Throughout expressionist films, the common theme when viewing in the light of architecture portrays similar aspects. The sets and scenes of these films tend to use buildings with sharp angles, heights, crowded atmospheres and a view of a metropolis. However, German expressionist films rejects all these naturalistic depictions of reality. Often having disorientated figures and portraying landscapes in a disorganised manner.
An example of this can be seen in The Cabinet of Dr. Caligari. Classified as one of the classic German expressionist films during the time. Hermann Warm, the film director, worked with Walter Reimann to create the setting of the film portraying dark and uncanny sets, structures and landscapes are disorientated with sharp-pointed formations.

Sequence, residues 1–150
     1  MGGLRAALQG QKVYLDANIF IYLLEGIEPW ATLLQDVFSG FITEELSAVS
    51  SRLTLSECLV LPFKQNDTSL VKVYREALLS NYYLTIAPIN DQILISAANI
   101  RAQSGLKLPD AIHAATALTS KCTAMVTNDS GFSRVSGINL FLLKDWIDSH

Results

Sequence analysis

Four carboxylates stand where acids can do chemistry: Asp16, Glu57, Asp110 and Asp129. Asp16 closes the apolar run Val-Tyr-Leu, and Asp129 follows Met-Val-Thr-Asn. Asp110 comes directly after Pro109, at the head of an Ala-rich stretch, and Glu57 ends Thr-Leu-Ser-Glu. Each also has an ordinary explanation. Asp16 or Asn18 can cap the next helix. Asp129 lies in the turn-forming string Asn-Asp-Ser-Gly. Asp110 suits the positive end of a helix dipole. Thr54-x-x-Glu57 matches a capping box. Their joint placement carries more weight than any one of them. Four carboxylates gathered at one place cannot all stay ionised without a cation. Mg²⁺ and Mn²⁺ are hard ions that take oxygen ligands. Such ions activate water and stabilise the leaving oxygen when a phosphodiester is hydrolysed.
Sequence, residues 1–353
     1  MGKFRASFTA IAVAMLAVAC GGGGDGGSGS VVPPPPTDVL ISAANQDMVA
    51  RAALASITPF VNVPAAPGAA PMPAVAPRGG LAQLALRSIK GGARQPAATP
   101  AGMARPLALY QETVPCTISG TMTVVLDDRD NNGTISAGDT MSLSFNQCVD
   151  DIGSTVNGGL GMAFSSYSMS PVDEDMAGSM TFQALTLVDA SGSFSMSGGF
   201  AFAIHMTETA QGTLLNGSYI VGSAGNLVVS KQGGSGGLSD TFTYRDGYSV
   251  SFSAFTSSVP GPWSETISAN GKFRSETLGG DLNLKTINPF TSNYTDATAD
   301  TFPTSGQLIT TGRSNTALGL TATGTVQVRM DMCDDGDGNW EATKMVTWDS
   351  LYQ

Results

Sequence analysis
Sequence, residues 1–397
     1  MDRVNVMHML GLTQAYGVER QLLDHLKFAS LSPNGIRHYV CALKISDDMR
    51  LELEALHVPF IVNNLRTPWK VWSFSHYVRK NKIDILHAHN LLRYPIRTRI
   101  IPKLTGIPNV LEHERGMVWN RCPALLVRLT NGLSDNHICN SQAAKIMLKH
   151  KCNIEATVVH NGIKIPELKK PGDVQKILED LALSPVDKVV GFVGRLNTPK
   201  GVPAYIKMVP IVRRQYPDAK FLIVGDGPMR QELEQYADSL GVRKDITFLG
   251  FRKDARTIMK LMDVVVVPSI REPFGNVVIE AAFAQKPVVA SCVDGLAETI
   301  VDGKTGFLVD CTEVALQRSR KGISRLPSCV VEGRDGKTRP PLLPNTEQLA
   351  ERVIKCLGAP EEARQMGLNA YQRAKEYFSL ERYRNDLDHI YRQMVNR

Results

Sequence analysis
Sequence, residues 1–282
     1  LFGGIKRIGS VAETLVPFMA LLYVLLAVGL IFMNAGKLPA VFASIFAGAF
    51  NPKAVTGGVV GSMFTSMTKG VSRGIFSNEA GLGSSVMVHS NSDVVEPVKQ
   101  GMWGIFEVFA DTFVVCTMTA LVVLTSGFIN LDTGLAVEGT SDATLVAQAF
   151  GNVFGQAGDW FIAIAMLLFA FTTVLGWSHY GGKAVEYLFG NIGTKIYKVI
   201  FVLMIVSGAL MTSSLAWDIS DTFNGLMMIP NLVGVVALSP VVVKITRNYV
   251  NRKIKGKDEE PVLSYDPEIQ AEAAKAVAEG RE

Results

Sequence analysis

It is evident that German expressionist films produced immediately after the First World War holds concepts of the social political contexts, however, embodying modern problems of identity. The role of identity can be further explained seen in German society. The role of masculinity during the time after the world war played a significant role in the ideas displayed in expressionist films through the role of insanity and promiscuity in male actions. This can be explained through the changes in society and the increasing importance of the role of women in the country.